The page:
Traveling While Disabled: Part XVII, La la la la, Grab Your Hat

Posted January 3, 2013 7:48 PM

 

This is the seventeenth installment of the surprisingly rollicking adventures of a courageous disabled traveler going it alone. Here is a link to earlier installments in case you missed them: http://www.thirdage.com/travel/traveling-while-disabled-the-archive.

I woke up feeling like a wet wool sweater. When you have a debilitating condition such as my Transverse Myelitis, there is a morose ennui, a pall about it. I am quite sure it is how I will feel just moments before I die. In fact, when this surge of contemptuous bile comes upon me, it is all that I can do not to throw myself off a nearby cliff. The only reason I don’t is that I am quite sure I would survive and have to live like Ethan Frome at the mercy of my family. Now that is fate worse than death.

At last the rain in this corner of Ireland abated, not to blue sky, but at least to a bright shade of gray. I decided on a short walk. The road I choose wound up high along the lake. It was accompanied by a four-foot, moss-covered wall on the down side of the hill. The only gaps in the wall were for private gates to very twisted roads where, if you were lucky, you could see a slate roof down closer to the water.

I wanted to hop a gated fence, arrive unannounced, and declare that I was a famous painter and had gotten very lost in the underbrush looking for just the perfect position to paint the far hills. But since I didn't have my brushes with me, I figured it was not going to fly. Note to self: carry disguise as artist at all times.

Every turn was a delight: an interesting gate, a branch that looked like an elbow, a brook that meandered across a field, a long straight part of the road made into a tunnel by the tree canopy. I sang hymns and Pat Benatar (yeah, in my brain that works together). I sang loudly with conviction. “Hit me with your best shot, You’re a real tough cookie with a long history of la la la la la like the one in me.” “A Mighty Fortress is our God, a bulwark never failing la la la la la la la la blah blah blah la la la prevailing.”

This is why I travel alone. Two hours with half the words missing would make even the most patient traveler want to pop-me-whop-side-the-head. I sang, I skipped, I tripped, I fell splat into the mud. I got up and ate some chocolate. How can anyone be bored in the Irish countryside?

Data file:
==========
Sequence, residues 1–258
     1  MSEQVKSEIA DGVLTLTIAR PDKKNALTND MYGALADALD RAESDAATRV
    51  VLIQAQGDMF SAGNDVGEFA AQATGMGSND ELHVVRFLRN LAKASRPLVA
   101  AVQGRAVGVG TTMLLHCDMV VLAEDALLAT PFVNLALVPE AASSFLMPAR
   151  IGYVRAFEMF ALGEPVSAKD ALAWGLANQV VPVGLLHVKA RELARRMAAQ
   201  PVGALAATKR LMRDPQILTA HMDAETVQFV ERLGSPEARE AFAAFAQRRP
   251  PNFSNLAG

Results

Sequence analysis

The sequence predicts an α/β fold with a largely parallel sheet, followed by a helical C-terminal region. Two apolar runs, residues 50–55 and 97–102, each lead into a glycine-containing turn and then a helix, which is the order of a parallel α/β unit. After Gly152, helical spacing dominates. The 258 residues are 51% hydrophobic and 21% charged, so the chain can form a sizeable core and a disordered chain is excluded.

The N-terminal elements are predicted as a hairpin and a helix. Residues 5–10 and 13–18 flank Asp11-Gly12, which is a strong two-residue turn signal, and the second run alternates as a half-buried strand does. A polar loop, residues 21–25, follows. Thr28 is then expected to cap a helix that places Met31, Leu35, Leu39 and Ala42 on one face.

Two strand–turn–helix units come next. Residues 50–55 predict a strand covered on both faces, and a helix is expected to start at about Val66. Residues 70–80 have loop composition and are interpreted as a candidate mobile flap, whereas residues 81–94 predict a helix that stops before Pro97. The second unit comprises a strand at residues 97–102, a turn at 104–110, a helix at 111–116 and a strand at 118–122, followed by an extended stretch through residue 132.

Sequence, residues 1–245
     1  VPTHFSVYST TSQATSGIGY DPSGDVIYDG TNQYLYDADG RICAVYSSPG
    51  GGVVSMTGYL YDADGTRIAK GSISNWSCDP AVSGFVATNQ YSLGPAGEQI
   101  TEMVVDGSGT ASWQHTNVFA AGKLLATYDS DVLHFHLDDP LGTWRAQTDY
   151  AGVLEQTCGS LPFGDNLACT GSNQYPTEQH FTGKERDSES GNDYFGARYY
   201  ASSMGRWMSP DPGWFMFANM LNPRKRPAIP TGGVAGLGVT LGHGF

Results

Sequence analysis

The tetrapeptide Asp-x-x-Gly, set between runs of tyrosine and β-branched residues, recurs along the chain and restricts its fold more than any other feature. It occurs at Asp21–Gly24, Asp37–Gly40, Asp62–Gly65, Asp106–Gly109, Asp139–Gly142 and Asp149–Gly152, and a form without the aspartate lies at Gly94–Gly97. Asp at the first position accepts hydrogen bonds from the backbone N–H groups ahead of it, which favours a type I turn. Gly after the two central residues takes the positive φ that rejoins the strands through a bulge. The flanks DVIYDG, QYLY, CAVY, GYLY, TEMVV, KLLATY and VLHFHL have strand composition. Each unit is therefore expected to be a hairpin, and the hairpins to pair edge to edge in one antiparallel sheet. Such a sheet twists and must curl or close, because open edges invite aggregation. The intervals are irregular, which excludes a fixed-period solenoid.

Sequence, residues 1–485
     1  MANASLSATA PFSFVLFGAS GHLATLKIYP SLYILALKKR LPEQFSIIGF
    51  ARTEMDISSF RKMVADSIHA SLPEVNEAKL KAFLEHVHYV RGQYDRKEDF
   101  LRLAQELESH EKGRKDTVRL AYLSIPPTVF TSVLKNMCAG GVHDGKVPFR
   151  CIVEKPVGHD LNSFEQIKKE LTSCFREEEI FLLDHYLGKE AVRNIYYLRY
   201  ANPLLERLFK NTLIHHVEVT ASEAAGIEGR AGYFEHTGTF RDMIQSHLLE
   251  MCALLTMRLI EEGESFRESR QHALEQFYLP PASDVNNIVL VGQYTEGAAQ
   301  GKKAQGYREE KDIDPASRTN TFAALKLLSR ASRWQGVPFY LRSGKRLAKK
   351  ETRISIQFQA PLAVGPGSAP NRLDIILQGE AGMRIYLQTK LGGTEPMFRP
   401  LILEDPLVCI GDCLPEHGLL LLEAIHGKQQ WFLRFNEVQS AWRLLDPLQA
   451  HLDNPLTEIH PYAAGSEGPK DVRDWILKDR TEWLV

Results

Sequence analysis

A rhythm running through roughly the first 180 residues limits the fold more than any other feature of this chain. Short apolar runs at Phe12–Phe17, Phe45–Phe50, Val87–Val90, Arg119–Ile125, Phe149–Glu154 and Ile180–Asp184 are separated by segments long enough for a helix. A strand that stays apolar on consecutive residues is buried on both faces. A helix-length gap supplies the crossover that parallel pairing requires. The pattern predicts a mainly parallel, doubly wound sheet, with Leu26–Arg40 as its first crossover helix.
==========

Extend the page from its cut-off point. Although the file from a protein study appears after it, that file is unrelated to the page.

My walk, if not restful, was at least entertaining enough to keep the pain at bay. When the pain gets intense the problem for me is I am afraid it could be another attack. The thought of that is terrifying. Never mind I could be out on some country road and not discovered. My answer to this anxiety? More chocolate.

I came home to yet another scrumptious meal. Starters was a lovely crabmeat salad and for the main course a veal schnitzel with a cream sauce infused with lemon and lime. The mashed potatoes were tossed with freshly chopped basil. For dessert, which I vowed I would not have because no one with their right mind needs those calories, I had the Granny Smith pudding, which was actually just molded pie filling with a small scoop of Carmel ice cream with Carmel sauce swirled on the plate with crushed nuts on top of the sticky part. “Heaven, I’m in heaven and la la la la la la la la la speak, la la la blah la la happiness I seek la la la la la la la la something something something cheek to cheek.”

To be continued . . .

Sally Franz is a former stand-up comedian, motivational speaker, and radio host. She is a twice-divorced mother of two and a grandmother of three. Sally has a degree in gerontology and several awards for humor writing. She is the author of "Scrambled Leggs: A Snarky Tale of Hospital Hooey," and "The Baby Boomers Guide to Menopause."

 

Print Article